As crews made inroads against massive fires burning in north-central Washington some people began to assess just how damaging the huge blazes have been.

Steve Surgeon, a mechanic and scrap-metal seller, lost everything he owns except for his home on the outskirts of Okanogan. He stayed in place as the fire raced over a ridge and barreled down toward his house, flames lapping just feet from his back porch.

"I'm alive," he said with a sigh Sunday. "I shouldn't be, but I am — and that's what matters."

The Okanogan Complex of wildfires on Sunday measured about 374 square miles and was estimated to be about 10 percent contained, fire spokesman Dan Omdal said. More than 1,000 people were fighting the blazes.

Sixteen large wildfires are burning across central and eastern Washington, covering more than 920 square miles. More than 200 homes have been destroyed, and more than 12,000 homes and thousands of other structures remain threatened.

The blazes were among several large fires burning across the West, taxing firefighting resources and prompting officials to seek help from other states and even abroad. Officials said Australia and New Zealand are sending firefighters to help battle the western blazes.

One of the latest western blazes was a potentially destructive fire that erupted Sunday afternoon in California's San Bernardino Mountains. The U.S. Forest Service said the fire near Snow Summit Ski Resort south of Big Bear Lake has forced evacuation orders for about 400 homes. By late Sunday, the blaze had chewed through about 100 acres of terrain and was 25 percent contained.

In Washington, a new firefighting mobilization center is being set up at Fairchild Air Force Base near Spokane to help fight wildfires in the state. The base will be the staging area for 20 large fire engines and 10 water takers and will be run by a team from San Diego. The engines are coming from Utah, Nevada, Arizona and Colorado, officials said.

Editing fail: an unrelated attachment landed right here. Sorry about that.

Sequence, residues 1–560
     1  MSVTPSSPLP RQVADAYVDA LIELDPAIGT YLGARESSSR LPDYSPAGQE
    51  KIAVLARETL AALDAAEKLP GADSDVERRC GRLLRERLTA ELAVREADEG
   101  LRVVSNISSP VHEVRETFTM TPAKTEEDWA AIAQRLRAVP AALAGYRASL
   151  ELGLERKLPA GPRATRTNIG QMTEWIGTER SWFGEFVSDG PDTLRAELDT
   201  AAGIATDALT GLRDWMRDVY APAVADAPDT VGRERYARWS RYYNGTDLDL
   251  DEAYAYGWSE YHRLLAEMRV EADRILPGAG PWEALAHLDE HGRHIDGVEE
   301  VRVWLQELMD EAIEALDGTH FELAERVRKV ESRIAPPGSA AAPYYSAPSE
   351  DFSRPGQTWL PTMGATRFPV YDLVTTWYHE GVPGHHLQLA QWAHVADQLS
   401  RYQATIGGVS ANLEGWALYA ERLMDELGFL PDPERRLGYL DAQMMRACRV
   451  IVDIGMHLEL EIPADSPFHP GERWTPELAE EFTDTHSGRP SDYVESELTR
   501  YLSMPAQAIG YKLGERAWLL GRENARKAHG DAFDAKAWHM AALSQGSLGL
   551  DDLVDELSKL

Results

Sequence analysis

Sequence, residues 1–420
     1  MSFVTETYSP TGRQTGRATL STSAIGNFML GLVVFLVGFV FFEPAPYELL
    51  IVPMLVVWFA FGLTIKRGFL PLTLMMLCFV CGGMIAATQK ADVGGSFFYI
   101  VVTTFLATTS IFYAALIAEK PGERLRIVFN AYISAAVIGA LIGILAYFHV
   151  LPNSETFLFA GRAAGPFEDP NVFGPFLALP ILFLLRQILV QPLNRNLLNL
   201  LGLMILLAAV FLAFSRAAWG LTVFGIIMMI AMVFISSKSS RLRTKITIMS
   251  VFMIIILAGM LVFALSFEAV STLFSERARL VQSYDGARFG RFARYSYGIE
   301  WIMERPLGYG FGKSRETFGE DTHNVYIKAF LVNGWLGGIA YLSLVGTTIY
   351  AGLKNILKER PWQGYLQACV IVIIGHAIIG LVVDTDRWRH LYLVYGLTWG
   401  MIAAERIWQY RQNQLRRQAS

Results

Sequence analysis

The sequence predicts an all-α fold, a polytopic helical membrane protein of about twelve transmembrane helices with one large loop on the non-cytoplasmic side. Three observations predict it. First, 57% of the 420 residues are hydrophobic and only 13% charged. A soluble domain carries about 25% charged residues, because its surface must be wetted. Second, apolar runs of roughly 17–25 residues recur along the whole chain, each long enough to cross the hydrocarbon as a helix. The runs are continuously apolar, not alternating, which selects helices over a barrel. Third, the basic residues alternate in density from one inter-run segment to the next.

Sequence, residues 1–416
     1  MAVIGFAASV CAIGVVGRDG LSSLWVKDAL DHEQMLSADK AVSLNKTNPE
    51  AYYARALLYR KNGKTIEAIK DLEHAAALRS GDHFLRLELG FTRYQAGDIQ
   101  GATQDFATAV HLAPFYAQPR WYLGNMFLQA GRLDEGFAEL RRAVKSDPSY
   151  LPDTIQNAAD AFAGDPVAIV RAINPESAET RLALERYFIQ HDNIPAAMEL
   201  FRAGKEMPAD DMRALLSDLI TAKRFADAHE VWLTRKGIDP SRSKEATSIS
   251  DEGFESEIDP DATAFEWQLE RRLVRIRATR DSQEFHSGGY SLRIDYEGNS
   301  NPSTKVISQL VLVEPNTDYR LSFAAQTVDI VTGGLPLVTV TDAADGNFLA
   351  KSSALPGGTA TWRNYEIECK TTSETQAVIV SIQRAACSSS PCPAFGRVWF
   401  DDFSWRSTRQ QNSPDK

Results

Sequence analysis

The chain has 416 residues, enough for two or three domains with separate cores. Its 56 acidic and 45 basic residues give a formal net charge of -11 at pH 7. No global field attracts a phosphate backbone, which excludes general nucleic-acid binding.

At Surgeon's property, heaps of twisted and charred metal litter his land where the fire burned through. Surgeon estimates he lost more than $100,000 worth of property, including his shop, his motorcycle, several cars, a travel trailer and all of his tools.

"But I have my life and I have my home," he said. "Everything else can be replaced."

Local officials have downgraded some evacuation notices, allowing some people to return to their homes. Thousands still remain under evacuation notices.

Sarah Miller, a spokeswoman with Okanogan County Emergency Management, said residents have been warned to stay ready to leave at any time.

Suzanne Flory, spokeswoman for the U.S. Forest Service, said there's a worry that once the smoke lifts and humidity drops the rising heat will cause the fires to flare up.

Flory said they would not know until perhaps early Monday how much the fire had grown on Sunday, but as of late afternoon, fire activity had been relatively quiet. Visibility and air quality improved Sunday.

The good news for Sunday was that less smoke means restrictions on air travel will be lifted and more fire tankers can drop water and chemical retardant, Flory said.

Air quality, which has been dangerously bad, will also improve when the smoke cloud lifts, but firefighters won't be able to take a breather. "We tell firefighters, if you see blue sky, heads up," Flory said.

Three firefighters were killed battling blazes near Twisp, Washington, on Wednesday. An injured firefighter remains in critical condition at Harborview Medical Center in Seattle.

On Sunday evening, the state Department of Health said that should nearby wildfires reach the site of a now-defunct uranium mine in Stevens County in eastern Washington, the smoke won't be any more toxic than the standard smoke from a wildfire.

In an announcement, the department said that radioactive materials at the Midnight Mine, which is about three miles northwest of Wellpinit on the Spokane Reservation, "won't exacerbate the dangers of wildfire smoke if the fires overtake the site as the naturally occurring radioactive material stays in its original rock form and does not burn."

Nevertheless, the department said, people in the area should take the same precautions as they would with any other kind of smoky air.


Blankinship reported from Seattle.